Over the past few years, a good number of classic movie franchises have churned out brand new installments after long hiatuses. Typically, I am stoked for these blockbusters when I first hear about them, but the excitement wears off once I find out that they have been edited and watered down to appeal to a more mainstream audience.
An example would be the upcoming film “Terminator: Salvation” starring Christian Bale. I am a huge fan of the Terminator franchise and there hasn’t been a Terminator film since the Governator was the star, so hearing the news about its release was a joyous occasion…until I found out it was going to be rated PG-13. I am not sure whether it was the studio’s fault or a member of the production crew, but someone actually decided to change the rating from R to PG-13 specifically to appeal to a wider audience and make more money.
The Terminator franchise is famous for being gritty and violent and it seems like the new movie will not be capable of sticking to its roots (besides the fact that Arnold Schwarzenegger is not in it).
This same phenomena has happened with other franchises, including last year’s “Live Free and Die Hard” and the 2004’s dreadful, “Alien vs. Predator.” Clearly the AVP producers realized their mistake and attempted to make another installment in 2007. Ironically, the fact that it’s rated R was actually promoted in the advertisements.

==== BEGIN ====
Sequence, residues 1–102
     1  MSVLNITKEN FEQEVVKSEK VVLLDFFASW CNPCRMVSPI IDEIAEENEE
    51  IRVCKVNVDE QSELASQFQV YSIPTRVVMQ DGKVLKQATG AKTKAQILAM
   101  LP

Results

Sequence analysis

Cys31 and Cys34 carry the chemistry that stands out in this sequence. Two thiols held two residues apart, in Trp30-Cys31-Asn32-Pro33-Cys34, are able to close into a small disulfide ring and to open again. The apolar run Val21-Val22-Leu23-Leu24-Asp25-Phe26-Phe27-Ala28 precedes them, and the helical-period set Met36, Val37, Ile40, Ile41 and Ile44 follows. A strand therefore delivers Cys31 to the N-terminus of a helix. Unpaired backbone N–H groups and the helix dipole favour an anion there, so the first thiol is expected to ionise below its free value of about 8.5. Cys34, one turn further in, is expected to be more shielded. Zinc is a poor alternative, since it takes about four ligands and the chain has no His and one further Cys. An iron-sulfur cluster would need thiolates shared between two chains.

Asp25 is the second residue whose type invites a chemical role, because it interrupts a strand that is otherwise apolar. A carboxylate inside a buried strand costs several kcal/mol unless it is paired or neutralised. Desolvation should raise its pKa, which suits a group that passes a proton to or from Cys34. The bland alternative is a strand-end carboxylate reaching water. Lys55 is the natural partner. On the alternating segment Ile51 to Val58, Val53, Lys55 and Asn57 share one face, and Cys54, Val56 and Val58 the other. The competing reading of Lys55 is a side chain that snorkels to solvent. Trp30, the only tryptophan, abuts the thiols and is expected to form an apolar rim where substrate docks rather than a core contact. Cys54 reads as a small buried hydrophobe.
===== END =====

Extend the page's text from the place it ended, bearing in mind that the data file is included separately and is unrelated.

With all of these franchises, fans basically expect a shot of adrenaline. When studios decide to make them generic and mainstream, just to make a few bucks, viewers are not getting what they paid for.
It is understandable that movie makers are going to want extra money, but it seems like in doing so, the artistic spirit that made these classic productions popular in the first place has been lost. I think that all three of these productions should have remained trilogies.
Thankfully, directors with cajones still exist. Zach Snyder has made a killing at the box office with violent, high-budget comic book movies. His film “Watchmen,” which came out last March, told a brutal, nihilistic story and was produced in that manner.
I think the best movies are the ones that do something bold, not the ones that leave viewers wanting more.